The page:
The Ludington Daily News from Ludington, Michigan on July 11, 1942 · Page 3
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The Ludington Daily News from Ludington, Michigan · Page 3

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Ludington, Michigan
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Saturday, July 11, 1942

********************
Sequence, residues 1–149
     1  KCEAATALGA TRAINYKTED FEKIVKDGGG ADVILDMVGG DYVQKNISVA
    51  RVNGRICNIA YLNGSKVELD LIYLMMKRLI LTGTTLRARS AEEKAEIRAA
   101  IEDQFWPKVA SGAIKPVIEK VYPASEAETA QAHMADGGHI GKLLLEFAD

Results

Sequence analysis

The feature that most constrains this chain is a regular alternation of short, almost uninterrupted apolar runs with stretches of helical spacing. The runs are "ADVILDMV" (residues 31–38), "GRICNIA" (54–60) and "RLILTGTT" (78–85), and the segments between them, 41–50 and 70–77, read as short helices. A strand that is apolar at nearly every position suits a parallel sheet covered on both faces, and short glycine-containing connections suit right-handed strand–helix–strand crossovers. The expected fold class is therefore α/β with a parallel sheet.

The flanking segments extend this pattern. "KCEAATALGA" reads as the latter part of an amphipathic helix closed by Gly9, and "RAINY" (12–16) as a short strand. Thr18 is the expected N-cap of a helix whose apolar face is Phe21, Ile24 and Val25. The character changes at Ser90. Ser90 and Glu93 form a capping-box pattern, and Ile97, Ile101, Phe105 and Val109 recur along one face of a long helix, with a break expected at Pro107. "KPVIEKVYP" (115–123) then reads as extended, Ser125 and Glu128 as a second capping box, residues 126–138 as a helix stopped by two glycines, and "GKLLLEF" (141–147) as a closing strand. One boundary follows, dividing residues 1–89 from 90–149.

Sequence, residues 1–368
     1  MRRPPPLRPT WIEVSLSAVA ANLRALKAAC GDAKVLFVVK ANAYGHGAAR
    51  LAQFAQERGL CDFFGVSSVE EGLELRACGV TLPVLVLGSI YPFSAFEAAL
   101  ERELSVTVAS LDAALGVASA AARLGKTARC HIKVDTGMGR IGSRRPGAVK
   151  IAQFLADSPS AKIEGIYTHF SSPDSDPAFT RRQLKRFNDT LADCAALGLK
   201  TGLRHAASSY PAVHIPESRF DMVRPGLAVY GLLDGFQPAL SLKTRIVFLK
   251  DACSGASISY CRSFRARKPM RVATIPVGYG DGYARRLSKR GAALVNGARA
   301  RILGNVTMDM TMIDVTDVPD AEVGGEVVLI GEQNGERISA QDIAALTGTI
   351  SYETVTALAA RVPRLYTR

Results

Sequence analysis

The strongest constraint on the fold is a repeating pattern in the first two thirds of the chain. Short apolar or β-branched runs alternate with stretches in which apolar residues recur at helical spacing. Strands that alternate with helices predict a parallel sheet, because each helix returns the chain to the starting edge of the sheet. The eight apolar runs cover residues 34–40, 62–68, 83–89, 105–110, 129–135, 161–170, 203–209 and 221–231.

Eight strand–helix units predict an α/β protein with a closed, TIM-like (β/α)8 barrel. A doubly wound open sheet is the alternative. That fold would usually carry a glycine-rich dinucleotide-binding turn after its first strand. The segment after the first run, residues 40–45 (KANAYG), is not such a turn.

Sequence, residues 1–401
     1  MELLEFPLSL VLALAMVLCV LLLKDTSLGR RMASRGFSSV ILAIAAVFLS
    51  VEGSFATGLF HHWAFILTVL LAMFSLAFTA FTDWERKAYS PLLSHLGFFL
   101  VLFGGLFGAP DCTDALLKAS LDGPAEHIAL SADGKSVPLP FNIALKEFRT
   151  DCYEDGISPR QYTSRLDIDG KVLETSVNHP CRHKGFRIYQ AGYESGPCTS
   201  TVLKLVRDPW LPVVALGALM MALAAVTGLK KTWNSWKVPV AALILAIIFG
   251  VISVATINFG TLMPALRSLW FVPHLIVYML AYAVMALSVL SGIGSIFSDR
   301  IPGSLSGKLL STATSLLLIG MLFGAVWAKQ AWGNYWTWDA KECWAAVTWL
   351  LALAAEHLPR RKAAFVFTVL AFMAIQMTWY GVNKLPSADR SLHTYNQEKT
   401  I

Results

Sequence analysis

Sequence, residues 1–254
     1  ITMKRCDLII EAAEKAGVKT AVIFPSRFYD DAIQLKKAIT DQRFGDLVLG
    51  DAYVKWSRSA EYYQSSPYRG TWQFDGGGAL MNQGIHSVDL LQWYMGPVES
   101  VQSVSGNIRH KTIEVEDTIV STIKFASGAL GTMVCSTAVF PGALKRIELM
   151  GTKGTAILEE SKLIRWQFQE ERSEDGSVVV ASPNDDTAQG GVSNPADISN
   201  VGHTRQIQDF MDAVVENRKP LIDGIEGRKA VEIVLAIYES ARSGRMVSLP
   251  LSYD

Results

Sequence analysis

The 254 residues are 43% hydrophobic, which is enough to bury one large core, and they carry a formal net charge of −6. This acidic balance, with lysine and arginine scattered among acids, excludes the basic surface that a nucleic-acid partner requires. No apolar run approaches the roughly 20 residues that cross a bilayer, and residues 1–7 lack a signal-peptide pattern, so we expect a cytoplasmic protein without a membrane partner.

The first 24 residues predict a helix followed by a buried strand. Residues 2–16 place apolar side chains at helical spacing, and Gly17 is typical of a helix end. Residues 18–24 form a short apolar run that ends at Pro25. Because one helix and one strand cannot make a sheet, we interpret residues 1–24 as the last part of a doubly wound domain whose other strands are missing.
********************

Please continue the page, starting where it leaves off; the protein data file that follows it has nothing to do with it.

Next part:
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SATURDAY, JULY II, 1942. THE DAILY NEWS-LUDINGTON. MICHIGAN. 'Planon A Lang War 9 : Nelson Warns News Briefs Charles Webster is a guest at the Resxikl home at 1327 South Madison street. Surgical dressings unit will meet at Paulina Stearns hospital at 2 o'clock Monday afternoon. Pere Marquette hive No. 14, Ladies of the Maccabee, will meet at 2 o'clock Monday afternoon at the home of Mrs. John Christensen, 809 Diana street. Daily vacation 'Bible school will start at Washington Avenue Baptist church at 9 o'clock Monday morning. The school will be in -session two weeks. Mr. and Mrs. Clarence Ferris and family have-moved to Ludington from Scottville. They are making their home at 801 East Foster street. Kaylen Jean and Ronnie Champaygne have returned to Muskegon after visiting their grandparents, Mr. and Mrs. John Reinberg, of 710 South Delia street. Mr. and Mrs. Bert Miller of Muskegon are visiting Mrs. Miller's parents, Mr. and Mrs. Philip Ohman, of 923 East Melendy street, anc> Mr. Miller's mother, Mrs. Harold Miller, of 803 East Foster street. Mr. and Mrs. George N. Nason and daughters, Lucinda Ann and Roberta Jean, of Lansing are expected to arrive in Ludington tonight to visit Mrs. Nason's parents, Mr. and Mrs. R. E. Knowles of 205 "A North James street. Yo-Ad class of First Methodist church will hold a picnic Tuesday evening. Members are asked to meet at the home of RE FROM LESS WPB CHIEF To Aid War Effort, Americans Will Have Things Do to Make Old Former Hamlin Lake Boy Lone Survivor of Jap Attack Missing for 28 Days After | ship, but puiied the rip-cord m * i. ou,u «„../„i,., 1^0 at once. It is a good thing Plane Is Shot Down by Japs over New Guinea In a story from "Somewhere (JP)— Americans in Australia," a former Hamlin — vf)_ _ Americans . . „„„,„,„,. roo^orvt rw^nniH as individuals are going to have to make old things do, "as we never have done before in all our lives," as the war production effort gets into full swing, in the opinion of Donald M. Nelson, chief of the War Production Board. Speaking to several hundred representatives of the leading automobile night the companies, production last chief praised achievements of the industry to date, but added that every manufacturer from now. on must plan to greater pro- duction—wtth less material— "every single day for many months, perhaps years to come." Emphasis on Production Guest of honor at the annual dinner of the automotive council for war production, Nelson said: "From now on the emphasis is on production itself. From what has been done so far I believe we can look at the future with a .good deal of confidence." Nelson urged the manufacturers to plan on a long war. "And maybe," he added, "it will turn out to be a short one." Digressing from a prepared lake summer resident, Donald Mitchell of Winnetka, 111., now a lieutenant in the Army Air Corps, reported this week that the Japanese tried to machine- gun him after he parachuted into the water in a recent plane crash. Lieut. Mitchell, now in an Australian hospital, was for several years connected with Camp Douglas Smith on Upper Hamlin lake. He was the only survivor of an American medium bomber and stayed under water much as possible while Miss Viola Mallory, 602 East Fos- j address, the war production ter street, at 6 o'clock and go chief said the recent realign- from there to the picnic site.! ment of the War Production Each member is to bring a dish of food, sandwiches and his own table service. Mr. and Mrs. C. H. McGuire and son-in-law and daughter, Mr. and Mrs. Joseph Winczewski, have returned from a 10- day trip to Quebec. While gone they visited relatives at Sturgeon Falls, Ontario, and at Ville Marie, Quebec. Mr. and Mrs. Ben Lemkc of 910 North Gaylord avenue have received word that Albert Bush, brother of Mrs. Lemke, has been promoted from private to corporal. Corp. Bush, Board would mean the placing of more of the production responsibility "squarely upon the shoulders of industry itself, as it should be." Answers Rubber Question Asserting that "there is no shot down by the Japs over camp. New Guinea recently, being co-pilot of the bomber which crashed and sank in the sea after an 80-mile running fight. He was missing 28 days before being rescued. "The Japs swept down over me firing machine guns when I hit the water," he said. "They sank my chute. I held onto my 'Mae West' (lifebelt) as the bullets whizzed close. "None of them hit me and after awhile the Japs beat it. Maybe they were out of ammunition." He praised the pilot, Lieut. D. L. Rulison, who gave his life in an attempt to save the crew. "The Japs filled our ship ' with holes and a cannon burst wrecked our aileron, putting the plane out of control and making it fall rapidly," Lieut. Mitchell gave the I did, too, because less than five seconds after the chute opened I hit the water with a terrific jolt." From 3 o'clock in the afternoon until dawn Lieut. Mitchell struggled to get to shore, his right leg useless. He stayed two days on an island without food and then decided to try to reach the mainland. "I got back into the water again and after struggling for what seemed hours, some natives in a canoe picked me up and took me to their village. They tended my wounds and gave me food. Then they carried me to an Australian said. "The pilot order to jump. MARKETS AND ' FINANCE Market- NEW YORK Trends Modest Nat Cash Reg Nat Pow & Lt .................... 1'% NY Central BB ................... 8'/ 8 No Am Aviation .................. 11 Vs Ohio Oil ......................... 8 Packard Motor ................... 2'/ 4 Penney (J. C.) ................... 68 3 A Penn RB ......................... 20>' 4 Phelps Dodge .................... 25 *-» Phillips Pet ...................... 39% Pullman .......................... 22»/ B Radio Corp of Am ....... . ........ 3 5 ,a Radio Keith Orph ................ 2Va Reo Motors Ct .................... 3 Repub Steel ...................... IS'/fe Reynolds Tob B .................. 24% Sears Boebuck ........... . ....... 55^4 Stand Brands .................... 3\k Std G & B $4 Pf .................. 1 Stand Oil Cal .................... 21% Stand Oil Ind .................... 25% Stand Oil N J ..................... 38% Studebaker Corp ................. 4Vi Swift & Co ....................... 221/a Union Carbide .................... 69'/ 2 Union Pacific ................... • 70>,(j U S Indus Alco ................... 29 US Steel .......................... 50 West El & Mfg .................... 13»/2 Yellow Tr & C .................... 11% Stock Averages, July 11 (Compiled By The Associated Press) 30 15 15 60 Indust Balls Util Stocks Net change Today 54.4 Previous day .. 54.3 Month ngo 52.0 A.I Unch Unch Unch 62.2 56.0 1942 Low 46.0 Year 1942 ago High 1941 High 63.9 1941 Low 51.7 16.0 16.0 14.5 17.6 17.6 14.4 19.0 13.4 23.8 37.2 23.8 . 37.2 24.0 35.6 32.3 43.5 27.3 38.7 21.1 32.0 35.5 45.0 24.5 35.4 High Low 60-Stock Range Since 1927: 1938-401932-371927-29 54.7 75.3 157.7 33.7 , 16.9 61.8 THE MARKETS Saglniiw Beans (Quotations In Dollars and Cents) SAGINAW—(/P)—Today's paying prices to growers quoted by Michigan Bean Co.; Cwt. choice handpicked pea benns, 4.35; new crop as. follows: Light red kidneys, 4; <lark red kidneys, 4; yellow eyes, 6; light cranberries, 4; dark cranberries, 3.50; Brown S-wedish, 4.50. Wed 58 Years, Couple Is Feted CARR SETTLEMENT — Mr. md Mrs. Sherman McCumber of Carr Settlement were pleasantly surprised on the evening of July 4-when a group of relatives gave them a gay old- "ashioned charivari to celebrate their 58th wedding anniversary. C^lia Bemis and Sherman HcCumber were married at Shelby, Mich., on July 4, 1884. They returned to Carr Settlement and, as soon as a home was ready on their farm, they settled there. They have spent their entire married life n this farm home. Although they had no children of their own, they have always opened ;heir home to the young people of the community. Mrs. VIcCumber is 74 years of age and Mr. McCumber, 80, and hey are quite active. 'The guests served ice cream and cake which they brought With them. Mr. arid Mrs. Mc- umber received the heartiest congratulations of their many friends. • Detroit Produce (Quotations in Dollars and Cents) DETROIT—(#>)—(United States Department of Agriculture.) — Celery: Mich. Golden .Heart stalks, .45. advances were fairly well sprinkled over today's stock market but buying reluctance was sufficient to hold many leaders in the rear ranks. Trends were a bit foggy at thr> start anrl in tVio final Virmr No - l washed Long Whites, tne start ana, m tne nnaa nour, comni-i 3.75.3.35; Ark . u. prices were uneven with small - ~ ~ ~ fractional variations predominating. Dealings were 'sluggish throughout. bunches 1-doz. Adams Exp NEW YORK STOCKS (Closing Prices) 6% Am Smelt & R 39% Am Stl Fdrs „ 18% Am Tel & Tel .- 115'.:, Am Wat Wks 2'/ 2 Anaconda 26% Arm 111 3 Aviation Corp 3 Bordcn Co 20 Budd Wheel 6% Ches & Ohio 31', confusion in this question of P u " ed back my seat and grab- rubber," he said a major task be chute and tried to get , lies ahead in building up a syn- ° ut th ™ u 8 1 J. the . P llots es « a ,pe dome, but the plane was falling so fast I couldn't get out. So Rulison shoved me out. thetic rubber industry, "but we know exactly where we are going." The synthetic rubber plants, he said,"are under way and I believe they are going to produce the rubber. If we're i didn * ' wait to S et clea r of "I hit something hard when u ^ _ „„„„. „„ ^..^ ^ * teft an ^ * believe that is believe"they anTgoing"'' to"pro- ! *}°w J fractured my ankle. I k wh<. formerly lived at 406 Maple ' wrong, I'll take complete and street, is with the United States final responsibility for the de- Army Air corps. Friends desiring to write him are asked to address their letters as follows: Corp. Alfred Bush, United States Army Ajr corps, 18th Squadron, Hamiltoh-field, Calif. The R«v. Mr. Panl Haskell Clark, minister of Community church, and Mrs. Clark left this morning for Olivet, where the Rev. Mr. Clark will direct Christian Education institute at Olivet college, to start Sunday and continue through Friday. In the absence of the Rev. Mr. cisions we have made." Praises Knudsen NelsOn praised the work of Lieut. General William S. Knudsen, attributing to him "most of the productive accomplishments' we've gotten today." Knudsen, among those at the speakers' table, received three ovations from the assemblage. Predicting a war goods production from American factories this year of approximately $45,000,000,000, Nelson said Clark, the church office will be j that he expected the figure to open between 9:30 and 12 each ' • - — morning with Miss Patsy Sivertson in charge. Miss Marian Beach also will attend the Olivet institute, leaving Sunday. Transfer 5-Acre Parcel to Dow Deed to a five-acre parcel of land lias been transferred from Mr. and Mrs. Bert Hall to the Defense Plant corporation, according to transfers this week at the register of deeds office. The land is located three and u half miles north of Ludington city limits on the east side of the Lower Hamlin road. rise to "70 or 75 billions next year at current prices." Death Takes Mrs. Sobieralski Chrysler Cor 62y 0 Colum G & El 1'i Cont. Can 26 3 / 8 Curtiss Wright 6% Detroit Edison 157's Dow Chemical 116% Eastman Kodak 134 El Power & Lt 1' Gen Elec 27i/a Gen Foods 32 Gen Motors 39y 2 Goodyear T & R .'.; 18 Hudson Motor : 3 7 / 8 Int Harvester 49'/ 4 Int NicK Can 26>' 2 Int Tel & Tel 2% Kenneoott Cop 30'/2 Kroger Grocery 25% Liggett & My B 64 Marshall Field 9% Miami Copper 5 5 / B Montgora Ward 30V 8 Nash Kclvlnator 5% Nat Biscuit 15',4 France. The largest river entirely within Switzerland is the Aar or Aare. In Justice Court Frank Stargaard, 20, Ludington Route 2, pleaded guilty to a charge of speeding on Dowland street when arraigned before Mrs. Theresa Margaret Sobieralski, 36, died at her > home on Ludington Route 2 at 2 o'clock this morning. She was born June 24, 1906, at Detroit, coming here 10. years ago. She was married Sept. 22, 1919, to Edward David Sobieralski. who survives. She was a member of St. Simon's Roman Catholic church. Besides the widower, she leaves a son, Robert Edward; her parents, Mr. ana Mrs. crohu Laskey of Detroit; a sister, Mrs. Francis Tnomas ol^Uetroit, and a brother, Harry Laskey, also of Detroit. The body will repose at Morri- ning when it will be taken to the son chapel until Sunday mor- family home. Funeral services will be held at 10 o'clock Tuesday morning from St. Simon's church. Burial will be in Pere Potatoes: 100 Ib. sacks: Calif. U. S. 4; U. S. S. No. 1 washed Triumphs, 4.25; N. C. and Va. TT. s. No. l unwashed Cobblers, 2.85-3: Tenn. U. S. No. 1 unwashed Cobblers red soil, very few spots, 3; Md. U. S. No 1 unwashed Cobblers, 2.75-2.80; Mo. Cob- lers generally good quality washed, 2.75; unwashed, some dirty, 2.25-2.45. Chicago Dairy (Quotations In Cents) CHICAGO— (ff)— Butter, receipts 1,193.897; market firm; prices as quoted by the Chicago current: Creamery. 93 score. 37-371/2: 92, 36'^; 91, 36; 90, 35%; 89. 35'4; 88, 33 \' 2 ; 90 centralized carlots 36U.. . . • . Eegs. receipts 14,750: market steady; fresh graded, extra firsts, local, 32'/4; cars, 33; firsts, local. 31V 2 ; cars. 32-32M,; current receipts, 30%-31; dirties, 29','a: checks., 29; storage packed extras, 33',4; firsts, 33'i. Chicago Potatoes, (Quotations in Dollars and Cents) CHICAGO— m— (United States De partment of Agriculture.)—Potatoes, arrivals 192: on track 286; total U. S. shipments 4fi2; supplies moderate; best auallrv Bliss Triumphs demand good markpt strong: other varieties bes quality demand fair, market steady off-condition stocks demand slow, mar kPt dull: Alabama and Mississippi Blls Triumphs U. s. No. 1..4.25; Kansas and Missouri Cobblers. 1.65-2.15; Missouri Bliss Triumphs, 2.15-.50. Don't Let Faulty Wheel Alinement Cripple jj Your Car You do not always know that your wheels are out of line, yet this dangerous condition may be costing you up to 50% in the life of your tires and crippling your car in other ways. Why not drive in today and have your wheels checked on our Bear Wheel Aliner? This precision test enables us to correct any dangerous conditions in your car which are costing you money. WE SPECIALIZE IN BEAR SERVICE AS NATIONALLY ADVERTISED IN "TIME." Al's Bear Service First Hand Report on Swedish Pinch AKRON, O.— (IP) —An Akron man who returned recently from Sweden, says Americans know nothing of real rationing. V. L. Folio, former superintendent of a tire and rubber plant in Norrkopping, Sweden, says Sweden has a ration book for almost every article on the market. A shopping trip demands a large amount of bookkeeping and, having purchased an article, you "hand all the books you can find in your pockets, to the • storekeeper—and trust to luck." \\ James & Foster Streets 242;: PHONE Shortage of coal and gas caused a recent partial shutdown of industrial operations in Justice Henry Seeba Saturday ] Marquette cemetery, morning. He paid a fine of $5 I and costs of $1. Arrest was made by city police. DORRELL FUNERAL HOME Ambulance Chapel Pipe Organ Ceo. E. Dorrell Don M. Crawford ESTABLISHED 1908 Phone 438-W We would appreciate an op- p o r t u n i t y to discuss our facilities and service with you. MENY- WASHATKA AGENCY 110 E. Lading-ton Ave. Phone 58 "JULY FESTIVAL" Sponsored by Leveaux Post No. 2409 VETERANS OF FOREIGN WARS Presenting Michigan's Own and Popular WORLD OF PLEASURE SHOWS -A World's Fair on Wheels- 11 Thrill Rides—10 Spendid Shows- Free Acts—Fireworks—Free Parking. 400 - SHOWFOLKS - 400 JULY 13 to 18, INCLUSIVE CULVER PARK See Ella Carver—Sensational High Fire Diver—Nitely Fire into Fire. I Canada is planning to utilize an annual excess of 100 million cubic feet of sawdust as fuel for heating homes, the Department of Commerce reports. AMERICA DRIVES TO VICTORY! X'ii-tor.v is not Ji thing Am erica can take for gmntcd any longoi-. Victory must be won by everyone. Are yon doing your part by keeping your car in condition in case Uncle Sam ma,y need it? Ounce of prevention has a vital meaning to us now YOUR CAR IS A Personal and Community ASSET. Let's KEEP IT Up to VICTORY STANDARD! The car owner who has his repairing' dbne' now is doing both himself and Uncle Sam a-favor. Watch your car, and keep it moving! BATTERIES are a big item in our fight for Victory. That's why car owners are being asked to take care of the one they have. If your battery shows signs of weakness, don't make the mistake of waiting. Have it. recharged and inspected by someone who knowg how—have it inspected by us! Ludington Auto Sales ; South Rath Avenue Phone 600 ;; »*»***•!*** >*»-f»»4 »»*»***« I *»*»»»»*»*>* RE-CONDITIONED CARS 1939 DODGE 2DOOR TOURING Completely Overhauled. New Brakes, Heater and Radio. 1936 FORD FORDOR Motor Overhauled. New Brakes, New Paint. Good Tires. 1939 CHRYSLER COUPE Jet Black Finish. Good Tires, Heater and Radio. 1937 FORD COUPE New Brakes, Radio and Heater. Good Rubber. Not Thoroughly Reconditioned 1938 FORD COUPE Reconditioned Motor. Tires Nearly New. New Brakes. A BUY! 1936 FORD PICK-UP A Handy Little Car in Many Places. Not Reconditioned. BUY, ON MOTTL MOTOR SALES JERMS 302 W. Ludington Phone 800 WE SERVICE ALL CARS QUALITY MATERIALS CHEVROLET service all makes of cars and trucks LOW COST YOUR CAR OR TRUCK WILL LAST LONGER IF YOU HAVE IT SERVICED REGULARLY-SEE YOUR CHEVROLET DEALER He has framed mechanics. for years, Chevrolet dealers • . . He uses quality mate- have had the largest num* rials. . • . He performs all service operations at reason" able rates. ... It pays to see your Chevrolet dealer for her of trade-ins and, therefore, the widest experience in servicing all makes and models. . . * Better have a car-saving service because, check-up today. Originator and Outstanding Leader "CAR CONSERVATION PLAN Hansen & Peterson Chevrolet 526 S. James St LitfSngton—Michigan. «»«»• «